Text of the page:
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Infection & Inflammation

 Wax Tree
  • Botanical: Toxicodendron succedaneum
  • Family: Anacardiaceae
  • Known as: Japanese wax tree, Poison ivy, Poison oak, Poison wine.
  • Old Use: medical, culinary, industry

Wax Tree

Rhus Toxicodendron, or Poison oak, is a creeping shrub from 1 to 3 feet high, with long cord-like shoots, emitting strong lateral fibers; the stems are either erect or decumbent. The bark is brownish-gray. The leaves are ternate, on long, semi-cylindrical petioles; the leaflets are broadly oval or rhomboidal, 2 to 6 inches long, 2/3 as wide, petiolate, acuminate, smooth and shining above, slightly downy beneath, especially on the veins; the margin is sometimes entire, and sometimes variously toothed and lobed, in the same plant. The flowers are small, greenish-white, dioecious, and grow in axillary, subsessile, racemose panicles on the sides of the new shoots. Barren flowers have a calyx of 5 erect, acute segments, and a corolla of 5 oblong recurved petals; stamens erect with oblong anthers; in the center is a rudiment of a style. Fertile flowers about half the size of the preceding, with calyx and corolla similar, but more erect. They have 5 small abortive stamens, and a roundish ovary, crowned by a short, erect style bearing 3 small capitate stigmas. The fruit is a roundish, smooth, dry berry, of a pale-green color, approaching to white, and contains a solitary bony seed

Black Pine
  • Botanical: Pinus nigra
  • Family: Pinaceae
  • Known as: Pinus laricio, Schwarzkiefer, Schwarzföhre
  • Old Use: medicine, industry
  • Aroma: earthy

Black Pine

Pinus nigra is a large coniferous evergreen tree, growing to 20–55 metres (66–180 ft) tall at maturity. The bark is grey to yellow-brown, and is widely split by flaking fissures into scaly plates, becoming increasingly fissured with age. The leaves ("needles") are thinner and more flexible in western populations.

The ovulate and pollen cones appear from May to June. The mature seed cones are 5–10 cm (rarely to 11 cm) long, with rounded scales; they ripen from green to pale grey-buff or yellow-buff in September to November, about 18 months after pollination. The seeds are dark grey, 6–8 mm long, with a yellow-buff wing 20–25 mm long; they are wind-dispersed when the cones open from December to April. Sexual maturity is reached at 15–40 years; large seed crops are produced at 2–5 year intervals. P. nigra is moderately fast growing, at about 30–70 centimetres (12–28 in) per year. It usually has a rounded conic form, that becomes irregular with age. The tree can be long-lived, with some trees over 500 years old. It needs full sun to grow well, is intolerant of shade, and is resistant to snow and ice damage.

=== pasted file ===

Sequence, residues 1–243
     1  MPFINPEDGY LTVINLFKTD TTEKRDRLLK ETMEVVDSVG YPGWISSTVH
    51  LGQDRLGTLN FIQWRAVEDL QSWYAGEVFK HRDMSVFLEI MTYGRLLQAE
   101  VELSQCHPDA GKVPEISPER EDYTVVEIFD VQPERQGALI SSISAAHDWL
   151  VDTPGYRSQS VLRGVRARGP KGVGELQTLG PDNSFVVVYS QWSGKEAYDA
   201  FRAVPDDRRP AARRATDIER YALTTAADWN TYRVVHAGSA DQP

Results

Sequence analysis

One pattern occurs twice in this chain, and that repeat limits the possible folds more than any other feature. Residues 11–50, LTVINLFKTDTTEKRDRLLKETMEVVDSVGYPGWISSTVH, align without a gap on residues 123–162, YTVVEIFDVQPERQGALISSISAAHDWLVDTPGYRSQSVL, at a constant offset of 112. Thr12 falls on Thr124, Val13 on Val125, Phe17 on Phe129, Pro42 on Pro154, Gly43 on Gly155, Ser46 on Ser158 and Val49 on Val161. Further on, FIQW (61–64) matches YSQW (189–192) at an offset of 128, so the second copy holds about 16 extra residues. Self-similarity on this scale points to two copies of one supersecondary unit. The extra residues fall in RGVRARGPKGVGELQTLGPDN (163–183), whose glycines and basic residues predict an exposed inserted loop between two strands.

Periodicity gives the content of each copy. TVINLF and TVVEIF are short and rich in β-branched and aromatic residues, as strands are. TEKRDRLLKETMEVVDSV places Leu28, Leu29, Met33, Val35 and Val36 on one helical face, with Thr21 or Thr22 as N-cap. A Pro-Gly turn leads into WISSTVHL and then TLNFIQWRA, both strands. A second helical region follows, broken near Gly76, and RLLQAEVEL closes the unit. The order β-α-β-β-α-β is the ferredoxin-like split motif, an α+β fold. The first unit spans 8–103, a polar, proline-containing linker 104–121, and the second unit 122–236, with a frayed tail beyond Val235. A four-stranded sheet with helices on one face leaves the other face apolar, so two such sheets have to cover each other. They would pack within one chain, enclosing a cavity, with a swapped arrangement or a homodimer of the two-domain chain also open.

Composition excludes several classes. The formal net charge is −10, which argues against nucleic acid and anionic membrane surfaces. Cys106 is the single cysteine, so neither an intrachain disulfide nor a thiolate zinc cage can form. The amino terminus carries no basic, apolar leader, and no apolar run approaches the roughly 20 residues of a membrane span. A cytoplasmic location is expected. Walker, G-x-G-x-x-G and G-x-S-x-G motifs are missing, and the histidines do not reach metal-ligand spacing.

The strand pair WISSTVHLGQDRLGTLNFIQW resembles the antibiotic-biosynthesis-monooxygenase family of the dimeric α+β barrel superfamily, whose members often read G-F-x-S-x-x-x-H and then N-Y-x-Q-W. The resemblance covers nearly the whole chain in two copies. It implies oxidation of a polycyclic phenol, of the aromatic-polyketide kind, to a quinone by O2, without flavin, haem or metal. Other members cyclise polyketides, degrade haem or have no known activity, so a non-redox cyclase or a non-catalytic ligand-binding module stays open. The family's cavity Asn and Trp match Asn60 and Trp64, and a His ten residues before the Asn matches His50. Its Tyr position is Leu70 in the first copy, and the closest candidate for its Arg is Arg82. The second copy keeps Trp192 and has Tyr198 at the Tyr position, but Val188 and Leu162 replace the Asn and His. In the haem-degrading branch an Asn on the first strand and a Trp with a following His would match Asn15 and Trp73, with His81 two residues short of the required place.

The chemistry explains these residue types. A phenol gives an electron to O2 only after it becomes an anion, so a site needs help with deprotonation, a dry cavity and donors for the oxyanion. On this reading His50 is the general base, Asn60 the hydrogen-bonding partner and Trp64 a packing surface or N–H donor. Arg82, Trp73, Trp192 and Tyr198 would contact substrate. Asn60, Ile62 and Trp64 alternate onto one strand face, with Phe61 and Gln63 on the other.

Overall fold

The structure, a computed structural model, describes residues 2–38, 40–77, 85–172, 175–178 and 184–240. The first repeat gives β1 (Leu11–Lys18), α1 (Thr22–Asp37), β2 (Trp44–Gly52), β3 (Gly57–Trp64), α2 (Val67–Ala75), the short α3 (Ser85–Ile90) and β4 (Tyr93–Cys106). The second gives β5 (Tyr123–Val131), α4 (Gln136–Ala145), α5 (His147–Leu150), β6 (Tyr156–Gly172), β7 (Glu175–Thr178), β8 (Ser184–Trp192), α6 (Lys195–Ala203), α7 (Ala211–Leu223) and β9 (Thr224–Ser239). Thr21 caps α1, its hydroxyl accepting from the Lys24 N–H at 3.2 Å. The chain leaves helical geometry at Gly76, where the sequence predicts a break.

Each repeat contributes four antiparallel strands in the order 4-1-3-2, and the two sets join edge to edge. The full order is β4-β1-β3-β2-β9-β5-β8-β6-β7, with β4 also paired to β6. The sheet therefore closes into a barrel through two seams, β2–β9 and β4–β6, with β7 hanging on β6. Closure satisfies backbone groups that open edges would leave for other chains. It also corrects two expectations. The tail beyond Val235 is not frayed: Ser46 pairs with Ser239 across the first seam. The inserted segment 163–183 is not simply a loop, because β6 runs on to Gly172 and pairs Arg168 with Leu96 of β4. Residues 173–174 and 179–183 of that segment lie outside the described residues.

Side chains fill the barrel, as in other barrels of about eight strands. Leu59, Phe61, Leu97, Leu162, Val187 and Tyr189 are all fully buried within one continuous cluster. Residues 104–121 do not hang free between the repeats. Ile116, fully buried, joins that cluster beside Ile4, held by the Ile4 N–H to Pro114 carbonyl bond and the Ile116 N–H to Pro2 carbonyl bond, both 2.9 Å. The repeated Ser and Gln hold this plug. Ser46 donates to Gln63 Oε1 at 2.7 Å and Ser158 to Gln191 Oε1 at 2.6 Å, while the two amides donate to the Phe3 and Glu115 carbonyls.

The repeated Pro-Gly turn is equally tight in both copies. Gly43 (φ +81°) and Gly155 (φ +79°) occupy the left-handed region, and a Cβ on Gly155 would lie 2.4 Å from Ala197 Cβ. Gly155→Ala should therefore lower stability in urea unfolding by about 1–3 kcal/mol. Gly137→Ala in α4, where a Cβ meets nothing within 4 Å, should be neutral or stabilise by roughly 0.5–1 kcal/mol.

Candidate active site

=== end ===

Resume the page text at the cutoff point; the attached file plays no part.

Black Poplar
  • Botanical: Populus nigra
  • Family: Salicaceae
  • Known as: Schwarz Pappel, Saarbaum
  • Old Use: medical, culinary, industry

Black Poplar

It is a medium-sized to large deciduous tree, reaching 20–30 m (rarely 40 m) tall, with a trunk up to 1.5 m diameter, though some old individuals have grown much bigger (more than 3 meters DBH for several trees in France). The leaves are diamond-shaped to triangular, 5–8 cm long and 6–8 cm broad, green on both surfaces.[2] The species is dioecious (male and female flowers on different plants), with flowers in catkins and pollination by wind. The black poplar grows in low-lying areas of moist ground.

Cascarilla
  • Botanical: Croton eluteria
  • Family: Euphorbiaceae
  • Known as: Croton eluteria bennet, Kaskarillabaum, cascarilla, cascarilha, amber kabug, sweet bark, sweet wood bark
  • Old Use: medical

Cascarilla

It grows to be a small tree or tall shrub (about 20 feet), rarely reaching 20 feet in height.

Leaves scanty, alternate, ovate-lanceolate, averaging 2 inches long, closely scaled below, giving a metallic silver-bronze appearance, with scattered white scales above.

The flowers are small, with white petals, and very fragrant, appearing in March and April.

The scented bark is fissured, pale yellowish brown, and may be covered in lichen.

Chamomile Corn
  • Botanical: Anthemis arvensis
  • Family: Asteraceae
  • Known as: Mayweed, Scentless Chamomile, Chamomile, Kamille, Matricaria chamomilla, German chamomile

Chamomile Corn

The whole plant is covered in short hairs. The leaves are finely divided with narrow, parallel-sided segments, pointed at the tips and have a pleasant, chamomile-like scent. The 'flowers', borne singly on stout stalks, are technically compound flower-heads made up of numerous small florets and resemble a Daisy. The central florets are yellow, while around the edge are the ray-florets, which have a single long white petal pointing outwards.

Chamomile Stinking
  • Botanical: Anthemis cotula
  • Family: Asteraceae
  • Known as: Chamomile, Kamille, Matricaria chamomilla, German chamomile

Chamomile Stinking

Anthemis cotula is an annual glandular plant with a harsh taste and an acrid smell. Its height varies from 12 inches (28 centimeters) to 24 inches (56 centimeters).
The leaves of the plant sometimes have very fine and soft hairs on the upper surface, although the plant is mostly hairless. There is no leaf stalk; leaves grow immediately from the stems. The leaves are pinnate in shape, with many extremely thin lobes, and can be around 1 or 2 inches long (2.5 to 5 centimeters).

Cherry Sour
  • Botanical: Prunus cerasus
  • Family: Rosaceae
  • Known as: Cherry, Vogelkirsche, Süsskirsche, Sauerkirsche, Weichselkirsche, Morellen

Cherry Sour

The tree is smaller than the sweet cherry (growing to a height of 4–10 m), has twiggy branches, and its crimson-to-near-black cherries are borne upon shorter stalks.

The leaves near the base of the stem are large and numerous, 6 to 8 inches long and 2 to 2 1/2 inches broad, but become smaller as they ascend the stem, on which they are arranged not opposite to one another, but on alternate sides.

Cumin
  • Botanical: Cuminum cyminum